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How to Prepare Your Child For College

Pride. Excitement. Panic. Fear. Sadness. These are just some of the emotions that parents can experience as their child prepares to leave for college in a few short months. You still see them as your little boy and girl and so you want to use the short time that is left to try and prepare them for this new life chapter, but what should be focused on?

The time between graduation and starting college can bring on some complicated feelings for parents. On the one hand, you have pride over their high school accomplishments; but, on the other hand, the thought of your child going to a place where there is little structure, limited supervision, and expectations for independence and responsibility may feel a bit terrifying. Having worked with adolescents and their parents for 20 years, I urge you to remember that you still have several months with your child during which you can work on preparing them for this next step in their lives. Here are 5 areas to focus on that will help make your child’s transition to college a success:

1. Life Skills – Stop doing and start supervising

For all of their life, you have done the laundry, cooked their meals, gone to the grocery store, budgeted your money.—all common tasks in adulthood. However, it’s time to take a step back, so that your college bound child can learn. At first, have them shadow you so that they can observe how it is done; but, after that, it is time to just take on the role of supervisor so that they too master these essential skills for true independence.

2. Problem Solving – Stop solving and start encouraging

Life is full of challenges and it is typically a parent’s job to help their kid overcome them. It is now time, however, for your child to start trying to solve their own problems and they will need your encouragement to do so. Whether it’s a conflict with a friend or difficulty signing up for their college courses, it is your job to help them to have the confidence to figure out and execute solutions to the problems. In addition, it is important to teach them that there is no shame in asking for help if they can’t figure something out and then looking with them on the campus website to see where help is found for different issues.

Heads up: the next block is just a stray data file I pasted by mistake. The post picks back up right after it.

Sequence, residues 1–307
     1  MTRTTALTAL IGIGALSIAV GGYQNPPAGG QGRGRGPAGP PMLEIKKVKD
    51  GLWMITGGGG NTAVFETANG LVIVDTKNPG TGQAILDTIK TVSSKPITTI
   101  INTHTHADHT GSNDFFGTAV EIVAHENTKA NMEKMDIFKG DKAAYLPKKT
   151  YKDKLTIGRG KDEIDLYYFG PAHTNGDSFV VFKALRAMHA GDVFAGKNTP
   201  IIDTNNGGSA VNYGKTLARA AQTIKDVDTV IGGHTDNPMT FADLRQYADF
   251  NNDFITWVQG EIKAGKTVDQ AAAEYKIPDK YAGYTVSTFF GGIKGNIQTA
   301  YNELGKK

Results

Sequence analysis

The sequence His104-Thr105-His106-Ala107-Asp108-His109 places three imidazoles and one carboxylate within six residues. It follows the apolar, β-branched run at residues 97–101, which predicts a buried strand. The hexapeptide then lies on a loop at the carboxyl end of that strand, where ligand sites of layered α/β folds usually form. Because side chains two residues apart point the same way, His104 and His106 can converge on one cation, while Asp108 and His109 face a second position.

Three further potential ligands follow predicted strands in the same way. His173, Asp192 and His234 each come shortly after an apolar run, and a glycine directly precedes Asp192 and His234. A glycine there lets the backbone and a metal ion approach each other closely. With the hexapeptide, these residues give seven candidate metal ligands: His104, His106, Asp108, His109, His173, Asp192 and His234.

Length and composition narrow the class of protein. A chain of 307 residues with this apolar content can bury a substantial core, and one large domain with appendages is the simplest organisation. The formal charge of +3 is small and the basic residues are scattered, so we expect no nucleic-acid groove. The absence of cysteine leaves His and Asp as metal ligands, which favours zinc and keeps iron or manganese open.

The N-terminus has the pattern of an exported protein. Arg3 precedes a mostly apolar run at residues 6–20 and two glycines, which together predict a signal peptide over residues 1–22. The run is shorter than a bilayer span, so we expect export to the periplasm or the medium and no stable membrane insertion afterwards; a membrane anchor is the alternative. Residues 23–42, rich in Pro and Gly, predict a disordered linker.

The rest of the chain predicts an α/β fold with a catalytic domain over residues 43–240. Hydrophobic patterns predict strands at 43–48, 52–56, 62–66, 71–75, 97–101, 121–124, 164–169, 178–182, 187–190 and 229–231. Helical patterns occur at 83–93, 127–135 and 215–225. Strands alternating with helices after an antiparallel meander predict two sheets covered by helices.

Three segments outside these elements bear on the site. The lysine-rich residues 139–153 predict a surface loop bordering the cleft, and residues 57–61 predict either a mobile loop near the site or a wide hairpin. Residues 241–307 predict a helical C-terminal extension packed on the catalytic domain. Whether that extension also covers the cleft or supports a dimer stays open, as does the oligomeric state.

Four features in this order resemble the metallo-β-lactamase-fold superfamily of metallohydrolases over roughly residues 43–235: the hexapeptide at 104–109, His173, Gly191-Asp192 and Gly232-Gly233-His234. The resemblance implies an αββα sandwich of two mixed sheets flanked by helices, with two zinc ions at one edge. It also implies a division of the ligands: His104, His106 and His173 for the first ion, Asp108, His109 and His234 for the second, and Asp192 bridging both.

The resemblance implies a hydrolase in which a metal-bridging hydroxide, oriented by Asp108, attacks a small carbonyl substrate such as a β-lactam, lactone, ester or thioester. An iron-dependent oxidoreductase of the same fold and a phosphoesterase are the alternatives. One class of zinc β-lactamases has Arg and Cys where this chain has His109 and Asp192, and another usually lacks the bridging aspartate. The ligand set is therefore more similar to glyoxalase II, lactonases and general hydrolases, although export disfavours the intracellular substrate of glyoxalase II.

3. Emotions – Stop soothing and start teaching

As the start of college is growing closer, your teenager is most likely going to have moments of strong emotions emerging in the form of anxiety/panic, excitement, irritability, and sadness. When these emotions are expressed, you may be tempted to help to soothe your child and offer reassurance; however, this is not helping them know how to soothe themselves when you are not there. Thus, the best thing that you can do for your child is validate and normalize their feelings, see what’s behind them as there may be a negative belief that needs to be challenged, and then help them to make a list of different things that they can do to decrease the intensity of their feelings (i.e. go to the gym, breathe deeply, take a shower, etc.).

4. Planning – Stop reminding and start stepping back

For all of your child’s life, many of you may have taken on the role of getting your child up, reminding them about deadlines, and making sure that they weren’t late. However, since you won’t be there to wake them up for their college classes or help them to turn in their papers on time, it is time for you to step back and have them take on the responsibility. To assist with the transition, you can teach them how to use their calendar to plan out when to study or use reminders and alarms to help them get things turned in on-time.

5. Balance – Stop avoiding and start discussing

The last thing that needs to be done before your child leaves for college is to have discussions about important, yet difficult topics such as how to drink alcohol responsibly, staying safe at parties (i.e. don’t put your drink down), consent and how to handle pressure for intimacy, and how to get out of risky situations. It also is good to talk about the importance of managing academics, socializing, and self-care and ways to tell if one if out of balance.

If you take advantage of these final months with your child and address these areas, I can guarantee that your child will be more prepared--both practically and emotionally--than most of their peers. Although parenting is never done, these final lessons will help your child to have a successful college career and launch into young adulthood with the skills required for success.

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